Repeating, “Remember our heroes and ground zero,” “It’s about time to remove the sign” and “V-A the American way,” the protesters marched around the Charlotte County administration building, waved their signs along the road and gathered on the lawn under a flagpole in front of the building.
The Forest-based Christian Action Network contends that Sheikh Gilani Lane, located in the Muslims of America enclave, was named after an international terrorist. The network has pushed to have the road sign removed.
Martin J. Mawyer, the group’s president, said he hopes the protest will raise public awareness and urge the county’s supervisors to change the name.
Established in the mid-1990s, the Muslim community sits on 44 acres in the western part of Charlotte County and is made up of mostly mobile homes. Sheikh Gilani Lane was named after Pakistani cleric Sheikh Mubarik Gilani, who founded the area and other similar sites in the United States. About 20 families were estimated to live at the Charlotte site a few years ago.
Opponents of the road name say the Muslims of America communities are hideouts for the al-Fuqra terrorist organization. They also blame Gilani for the beheading of journalist Daniel Pearl, who was reportedly on his way to interview Gilani when he was abducted Jan. 23, 2002, in Karachi.
But residents of the communities repeatedly have denied terrorist ties, insisting the areas are “a pure and safe environment for raising families and for worshipping the One Almighty Creator of all things.”
This month, the county supervisors declined to change the name of the road, citing their long-standing policy against changing road names. County rules allow residents to name their private lanes.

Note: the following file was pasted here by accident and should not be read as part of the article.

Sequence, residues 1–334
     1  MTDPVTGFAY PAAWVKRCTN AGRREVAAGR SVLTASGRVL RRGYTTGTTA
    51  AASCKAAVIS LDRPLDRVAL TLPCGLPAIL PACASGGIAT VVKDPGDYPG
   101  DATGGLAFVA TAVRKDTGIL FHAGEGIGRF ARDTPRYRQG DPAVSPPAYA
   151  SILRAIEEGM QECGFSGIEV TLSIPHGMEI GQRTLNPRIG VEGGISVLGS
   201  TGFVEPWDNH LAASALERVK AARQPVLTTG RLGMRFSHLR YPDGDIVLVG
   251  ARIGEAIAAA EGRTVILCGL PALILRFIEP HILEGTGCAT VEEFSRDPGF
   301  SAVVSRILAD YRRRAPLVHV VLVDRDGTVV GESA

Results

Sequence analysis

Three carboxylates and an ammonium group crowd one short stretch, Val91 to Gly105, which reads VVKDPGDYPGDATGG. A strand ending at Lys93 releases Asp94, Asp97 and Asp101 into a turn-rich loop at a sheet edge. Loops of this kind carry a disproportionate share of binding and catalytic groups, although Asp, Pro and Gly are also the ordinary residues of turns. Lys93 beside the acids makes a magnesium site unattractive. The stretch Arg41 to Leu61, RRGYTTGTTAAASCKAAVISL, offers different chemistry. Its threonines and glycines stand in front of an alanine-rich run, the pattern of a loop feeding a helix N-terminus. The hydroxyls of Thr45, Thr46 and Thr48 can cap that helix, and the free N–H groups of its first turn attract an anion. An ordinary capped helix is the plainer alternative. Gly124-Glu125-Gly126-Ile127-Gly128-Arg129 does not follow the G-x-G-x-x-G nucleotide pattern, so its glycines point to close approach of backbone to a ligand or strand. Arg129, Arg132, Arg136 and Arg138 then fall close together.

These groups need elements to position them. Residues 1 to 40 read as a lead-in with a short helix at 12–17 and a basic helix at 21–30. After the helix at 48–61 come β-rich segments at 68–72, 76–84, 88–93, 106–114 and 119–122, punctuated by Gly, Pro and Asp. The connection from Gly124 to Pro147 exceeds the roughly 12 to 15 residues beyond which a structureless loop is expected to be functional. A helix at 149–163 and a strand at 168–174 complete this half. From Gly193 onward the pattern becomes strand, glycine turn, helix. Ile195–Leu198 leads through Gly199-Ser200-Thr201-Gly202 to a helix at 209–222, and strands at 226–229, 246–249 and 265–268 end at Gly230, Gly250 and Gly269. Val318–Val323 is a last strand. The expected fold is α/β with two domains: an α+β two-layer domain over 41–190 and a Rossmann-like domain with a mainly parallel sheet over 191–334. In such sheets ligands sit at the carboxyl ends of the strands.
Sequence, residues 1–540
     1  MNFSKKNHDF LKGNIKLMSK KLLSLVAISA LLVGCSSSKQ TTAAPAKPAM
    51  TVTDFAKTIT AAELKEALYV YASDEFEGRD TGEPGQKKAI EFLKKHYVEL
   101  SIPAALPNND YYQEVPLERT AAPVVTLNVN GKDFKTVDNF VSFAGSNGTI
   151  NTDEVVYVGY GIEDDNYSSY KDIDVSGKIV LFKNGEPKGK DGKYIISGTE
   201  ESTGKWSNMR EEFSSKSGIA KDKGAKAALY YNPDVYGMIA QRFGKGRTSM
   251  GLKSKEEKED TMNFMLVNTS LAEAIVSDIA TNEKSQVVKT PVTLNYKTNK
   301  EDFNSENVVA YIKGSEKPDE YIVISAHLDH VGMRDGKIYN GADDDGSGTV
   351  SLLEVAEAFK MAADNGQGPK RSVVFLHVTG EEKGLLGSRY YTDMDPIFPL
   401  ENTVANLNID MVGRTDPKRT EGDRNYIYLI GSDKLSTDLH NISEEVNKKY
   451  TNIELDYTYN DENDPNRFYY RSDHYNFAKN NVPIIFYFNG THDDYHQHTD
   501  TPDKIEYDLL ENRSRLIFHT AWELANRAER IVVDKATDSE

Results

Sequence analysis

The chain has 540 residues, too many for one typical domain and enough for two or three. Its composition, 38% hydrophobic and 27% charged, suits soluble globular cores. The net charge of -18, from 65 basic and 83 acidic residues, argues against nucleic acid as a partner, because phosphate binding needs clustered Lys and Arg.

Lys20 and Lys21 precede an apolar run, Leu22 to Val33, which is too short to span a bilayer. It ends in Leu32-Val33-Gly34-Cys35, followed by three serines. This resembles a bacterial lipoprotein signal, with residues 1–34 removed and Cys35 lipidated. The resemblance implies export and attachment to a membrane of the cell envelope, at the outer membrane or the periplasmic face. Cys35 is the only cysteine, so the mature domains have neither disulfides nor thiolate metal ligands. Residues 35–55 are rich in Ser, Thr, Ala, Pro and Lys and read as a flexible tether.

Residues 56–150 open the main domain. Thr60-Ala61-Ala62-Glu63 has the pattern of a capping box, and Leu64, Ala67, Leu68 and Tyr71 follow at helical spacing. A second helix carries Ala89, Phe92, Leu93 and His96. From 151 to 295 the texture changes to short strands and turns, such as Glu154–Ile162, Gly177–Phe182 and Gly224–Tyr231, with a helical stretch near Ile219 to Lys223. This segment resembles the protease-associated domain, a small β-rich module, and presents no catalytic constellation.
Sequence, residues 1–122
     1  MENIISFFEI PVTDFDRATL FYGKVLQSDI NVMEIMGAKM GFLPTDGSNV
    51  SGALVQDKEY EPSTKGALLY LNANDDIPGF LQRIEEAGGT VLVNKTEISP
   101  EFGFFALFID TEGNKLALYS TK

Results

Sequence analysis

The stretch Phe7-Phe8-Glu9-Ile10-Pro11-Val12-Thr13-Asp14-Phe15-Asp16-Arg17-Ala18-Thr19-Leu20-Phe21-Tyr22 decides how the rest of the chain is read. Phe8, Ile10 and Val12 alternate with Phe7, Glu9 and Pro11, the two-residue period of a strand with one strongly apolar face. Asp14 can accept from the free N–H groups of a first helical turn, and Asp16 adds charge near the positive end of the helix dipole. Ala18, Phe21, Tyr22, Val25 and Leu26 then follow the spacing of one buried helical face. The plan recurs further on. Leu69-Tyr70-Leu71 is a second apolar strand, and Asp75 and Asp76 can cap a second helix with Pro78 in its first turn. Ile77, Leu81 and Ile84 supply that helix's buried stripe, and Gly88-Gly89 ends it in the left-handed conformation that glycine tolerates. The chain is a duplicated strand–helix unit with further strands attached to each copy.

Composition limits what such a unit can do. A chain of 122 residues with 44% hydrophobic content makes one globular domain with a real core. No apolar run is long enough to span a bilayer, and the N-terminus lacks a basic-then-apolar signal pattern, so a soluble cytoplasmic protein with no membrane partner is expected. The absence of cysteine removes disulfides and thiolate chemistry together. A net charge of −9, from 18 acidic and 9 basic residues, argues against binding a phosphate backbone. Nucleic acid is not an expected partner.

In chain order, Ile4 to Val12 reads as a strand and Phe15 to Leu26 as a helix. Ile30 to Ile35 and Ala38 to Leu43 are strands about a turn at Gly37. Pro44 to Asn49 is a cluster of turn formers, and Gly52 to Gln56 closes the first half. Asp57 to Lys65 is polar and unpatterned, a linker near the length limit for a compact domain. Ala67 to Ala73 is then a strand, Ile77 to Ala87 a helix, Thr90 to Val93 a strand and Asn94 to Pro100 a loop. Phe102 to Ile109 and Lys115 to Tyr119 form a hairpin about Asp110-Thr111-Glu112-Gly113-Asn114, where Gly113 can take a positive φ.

“As citizens of the United States, these individuals have the right to name the [road] whatever they want to,” Supervisor Joseph Carey said.
Mawyer said he will contact the national media about the issue. “It had been our hope that the Board of Supervisors would handle this without bringing national embarrassment to the state and the county,” he said.
The Christian Action Network is a nonprofit lobbying organization that says it is dedicated to protecting traditions of the American family and defending the nation against radical Islam.
The Rev. Sam Weddington, who lives in the county, said last night’s protest makes Muslim residents feel they are not welcomed.
“They are good people,” he said.
Sam Weddington, by the way, is probably the Presbyterian minister I mentioned in my last post. I never got his name.
The tone of this story is not bad; it just has a major factual error. CAN doesn’t blame Sheikh Gilani for Daniel Pearl’s abduction; they just cite his probable involvement in the betrayal of Mr. Pearl to his murderers.
My best guess is this: Sheikh Gilani had arranged through intermediaries to meet Daniel Pearl for an interview. He needed a favor from the group that kidnapped Mr. Pearl, or maybe he needed to ease the tensions of inter-group rivalry. So he traded in his bit of information about where to find his would-be interviewer, and when. And that was it for Daniel Pearl.
It would defy common sense, given the Sheikh’s notorious history, to assert that he had no involvement whatsoever with the abduction of Daniel Pearl. But there’s no way to tell exactly what his rôle was.